07/22/2010 10:03 am ET Updated Dec 06, 2017

More storytelling about Obama's political standing

Writing in the New York Times, Matt Bai downplays the role of the economy in President Obama's current political struggles, arguing that "[i]t's just as likely... that much of the dissatisfaction with the governing party" is the result of Democrats having "failed to establish a rationale for such expansive measures [as the stimulus bill and health care] during the campaign":

Mr. Obama inherited a perilous economy from his predecessor, and his party has passed a series of consequential laws... yet all indications are that voters in much of the country -- and particularly independent voters -- remain furious with Democratic incumbents.

There are several trendy explanations for this "paradox," as commentators have taken to calling it. Conservatives posit that the problem is ideological -- that laws enacted by Congress have simply been too liberal for the voters. The president's allies, meanwhile, suggest that voters are blaming the party in power for a stubbornly sluggish economy...

It's just as likely, though, that much of the dissatisfaction with the governing party can be traced back to this whole choice-versus-referendum conundrum...

[In 2006] Democrats issued a pamphlet with gauzy notions of "broad prosperity" and health care for all, but almost nothing by way of specific policies or the costs involved. This campaign-by-referendum worked so well that Democrats barely altered the formula in 2008, when Mr. Obama and his party's Congressional candidates ran, successfully, under the vague banner of "change."

The problem with this strategy was that "change" meant wildly different things to different people, and neither of these elections amounted to a mandate for any discernible set of choices. The stimulus bill and the health care law may or may not have been good policy, but the sheer scope and cost of those agenda items seemed to jolt a lot of the independent voters who had conditionally supported Mr. Obama. Having failed to establish a rationale for such expansive measures during the campaign, Democrats were easily caricatured by their adversaries as a bunch of 1970s liberals who would spend money wherever they could.

It's not clear to me why Bai thinks Obama would be more popular if he had been more specific during the campaign. Ronald Reagan was arguably more clear than Obama in 1980 about the agenda he would pursue as president and was very successful in changing the direction of federal budget and tax policy once in office. And yet, given a similarly difficult economic situation, his approval trajectory was virtually identical to Obama's (PDF):


Indeed, the 1980 election was widely considered to be an electoral mandate at the time. So the fact that Reagan's initial legislative success didn't translate into increased popularity during his second year is a problem for Bai's argument.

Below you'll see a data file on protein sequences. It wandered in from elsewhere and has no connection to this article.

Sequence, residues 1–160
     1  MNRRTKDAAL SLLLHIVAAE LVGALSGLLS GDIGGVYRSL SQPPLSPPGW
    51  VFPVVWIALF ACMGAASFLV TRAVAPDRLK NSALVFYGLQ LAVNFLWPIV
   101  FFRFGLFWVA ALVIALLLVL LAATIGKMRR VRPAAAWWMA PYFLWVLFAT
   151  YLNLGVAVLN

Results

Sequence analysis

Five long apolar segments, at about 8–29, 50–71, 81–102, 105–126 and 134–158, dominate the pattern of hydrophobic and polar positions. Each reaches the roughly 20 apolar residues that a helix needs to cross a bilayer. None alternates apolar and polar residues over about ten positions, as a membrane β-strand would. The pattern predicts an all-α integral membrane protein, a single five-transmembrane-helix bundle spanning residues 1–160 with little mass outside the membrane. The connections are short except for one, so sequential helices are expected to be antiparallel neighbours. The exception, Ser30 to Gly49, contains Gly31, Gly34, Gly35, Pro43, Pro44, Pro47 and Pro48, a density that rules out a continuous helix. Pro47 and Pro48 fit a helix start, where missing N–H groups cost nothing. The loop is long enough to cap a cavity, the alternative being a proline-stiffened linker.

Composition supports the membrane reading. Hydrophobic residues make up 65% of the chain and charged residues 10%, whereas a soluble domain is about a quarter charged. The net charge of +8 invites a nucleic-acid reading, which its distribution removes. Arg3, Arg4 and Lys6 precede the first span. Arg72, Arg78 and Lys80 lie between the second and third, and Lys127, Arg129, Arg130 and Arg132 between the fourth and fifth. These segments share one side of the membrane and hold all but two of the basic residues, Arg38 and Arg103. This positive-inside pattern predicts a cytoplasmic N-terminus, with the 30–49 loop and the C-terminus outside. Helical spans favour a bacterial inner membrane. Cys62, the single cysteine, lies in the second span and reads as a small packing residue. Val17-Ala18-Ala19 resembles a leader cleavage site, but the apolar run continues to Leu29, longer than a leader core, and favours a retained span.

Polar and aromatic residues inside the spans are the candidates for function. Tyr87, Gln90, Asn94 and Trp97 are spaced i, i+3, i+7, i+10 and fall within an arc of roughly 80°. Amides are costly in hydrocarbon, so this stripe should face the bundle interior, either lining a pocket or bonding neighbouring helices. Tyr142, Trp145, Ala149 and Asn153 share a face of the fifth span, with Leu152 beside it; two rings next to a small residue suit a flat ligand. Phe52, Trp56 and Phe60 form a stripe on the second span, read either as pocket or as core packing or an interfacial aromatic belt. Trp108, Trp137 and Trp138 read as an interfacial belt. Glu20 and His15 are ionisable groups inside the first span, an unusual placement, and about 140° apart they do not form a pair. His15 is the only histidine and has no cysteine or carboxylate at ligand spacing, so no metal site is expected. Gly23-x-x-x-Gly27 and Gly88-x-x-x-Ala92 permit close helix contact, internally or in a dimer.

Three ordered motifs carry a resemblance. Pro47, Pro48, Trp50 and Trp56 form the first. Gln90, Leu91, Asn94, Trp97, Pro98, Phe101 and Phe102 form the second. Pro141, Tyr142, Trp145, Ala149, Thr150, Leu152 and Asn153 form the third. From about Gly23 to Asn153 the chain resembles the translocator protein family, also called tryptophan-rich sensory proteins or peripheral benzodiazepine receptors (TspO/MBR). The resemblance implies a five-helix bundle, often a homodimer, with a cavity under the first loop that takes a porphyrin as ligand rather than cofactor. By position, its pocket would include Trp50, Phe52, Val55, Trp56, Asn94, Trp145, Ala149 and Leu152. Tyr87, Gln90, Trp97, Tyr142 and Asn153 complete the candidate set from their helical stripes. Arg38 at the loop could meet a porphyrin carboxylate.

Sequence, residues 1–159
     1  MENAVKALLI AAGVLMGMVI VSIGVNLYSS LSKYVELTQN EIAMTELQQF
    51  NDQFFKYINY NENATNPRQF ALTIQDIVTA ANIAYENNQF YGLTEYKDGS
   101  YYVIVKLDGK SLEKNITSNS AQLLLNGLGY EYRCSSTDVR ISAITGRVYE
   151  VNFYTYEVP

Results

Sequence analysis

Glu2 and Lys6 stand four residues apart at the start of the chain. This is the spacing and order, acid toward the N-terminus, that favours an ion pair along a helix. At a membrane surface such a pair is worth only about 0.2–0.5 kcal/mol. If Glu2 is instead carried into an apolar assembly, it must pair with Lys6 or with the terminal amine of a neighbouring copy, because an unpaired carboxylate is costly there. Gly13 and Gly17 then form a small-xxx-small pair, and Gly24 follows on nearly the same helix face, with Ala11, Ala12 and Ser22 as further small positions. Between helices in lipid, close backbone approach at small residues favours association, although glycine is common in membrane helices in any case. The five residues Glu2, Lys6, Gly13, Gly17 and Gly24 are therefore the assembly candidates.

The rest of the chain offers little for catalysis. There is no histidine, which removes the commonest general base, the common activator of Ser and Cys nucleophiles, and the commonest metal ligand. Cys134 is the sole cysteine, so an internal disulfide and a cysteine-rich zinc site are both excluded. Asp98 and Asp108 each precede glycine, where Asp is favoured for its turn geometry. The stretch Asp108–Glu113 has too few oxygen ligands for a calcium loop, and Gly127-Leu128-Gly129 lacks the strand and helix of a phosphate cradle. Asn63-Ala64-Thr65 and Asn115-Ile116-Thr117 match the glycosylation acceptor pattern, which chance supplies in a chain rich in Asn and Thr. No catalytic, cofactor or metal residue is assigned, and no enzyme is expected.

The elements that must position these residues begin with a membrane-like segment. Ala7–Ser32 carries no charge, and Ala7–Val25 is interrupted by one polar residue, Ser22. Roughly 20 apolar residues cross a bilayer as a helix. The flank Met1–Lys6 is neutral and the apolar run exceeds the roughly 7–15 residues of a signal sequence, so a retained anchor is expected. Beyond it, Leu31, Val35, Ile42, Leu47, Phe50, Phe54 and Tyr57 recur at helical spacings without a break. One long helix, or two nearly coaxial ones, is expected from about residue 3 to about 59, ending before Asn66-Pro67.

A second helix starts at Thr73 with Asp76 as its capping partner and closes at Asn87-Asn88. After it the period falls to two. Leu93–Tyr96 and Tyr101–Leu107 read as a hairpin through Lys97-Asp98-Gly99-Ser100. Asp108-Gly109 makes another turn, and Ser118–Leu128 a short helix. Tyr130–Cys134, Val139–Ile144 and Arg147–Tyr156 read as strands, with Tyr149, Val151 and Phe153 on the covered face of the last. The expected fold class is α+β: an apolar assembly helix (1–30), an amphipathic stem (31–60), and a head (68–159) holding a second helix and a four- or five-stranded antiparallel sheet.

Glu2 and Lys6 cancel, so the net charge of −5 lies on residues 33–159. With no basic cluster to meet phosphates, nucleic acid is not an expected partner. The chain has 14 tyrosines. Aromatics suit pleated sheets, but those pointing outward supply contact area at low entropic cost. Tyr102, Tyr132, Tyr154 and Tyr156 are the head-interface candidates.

One difference is that Reagan, unlike Obama, faced divided government, which limited his ability to enact his agenda. We could thus consider the other president who was widely considered to have received a mandate -- Lyndon Johnson, who won a landslide victory against Barry Goldwater in 1964. Under a unified Democratic Congress (like Obama), he was even more successful in passing an expansive legislative agenda, and yet his approval ratings declined significantly through 1965-1966 (albeit from a very high starting point).

What Bai doesn't seem to realize is that elections do not ever indicate the will of the people in some well-defined sense (there is a vast technical literature on this point). The best political science research to date convincingly argues that mandates should be viewed as a social construction. Moreover, it's not clear that presidents enact legislation intended to make them more popular. Contemporary presidents tend to pursue the agenda of their party, not the median voter. Finally, the public mood tends to shift in the opposite direction of the party in power. For all of these reasons, the appealing notion that presidential candidates will propose an agenda, enact that agenda in office, and be rewarded by the electorate for doing so rarely occurs in practice.

More importantly, given the primacy of the economy in structuring the public's view of politics, the idea that "much of the dissatisfaction with the governing party" could have been eliminated by simply "establish[ing] a rationale" for Obama's agenda during the campaign is implausible. Even if Obama and the Democrats could have anticipated the need for a stimulus bill and proposed one during the campaign, it's not clear that voters would be satisfied -- unemployment is still very high. And Obama did campaign on health care reform (albeit not in the exact form that was enacted).

In short, Bai's article is yet another invented explanation for Obama's current political standing.

Update 7/22 9:36 PM: Jonathan Bernstein also notes that "Obama had lots and lots of very specific campaign proposals... and he did, in fact, campaign on those proposals" and "all bill[s] are easily caricatured" regardless of whether you talk about them during the campaign.

[Cross-posted to]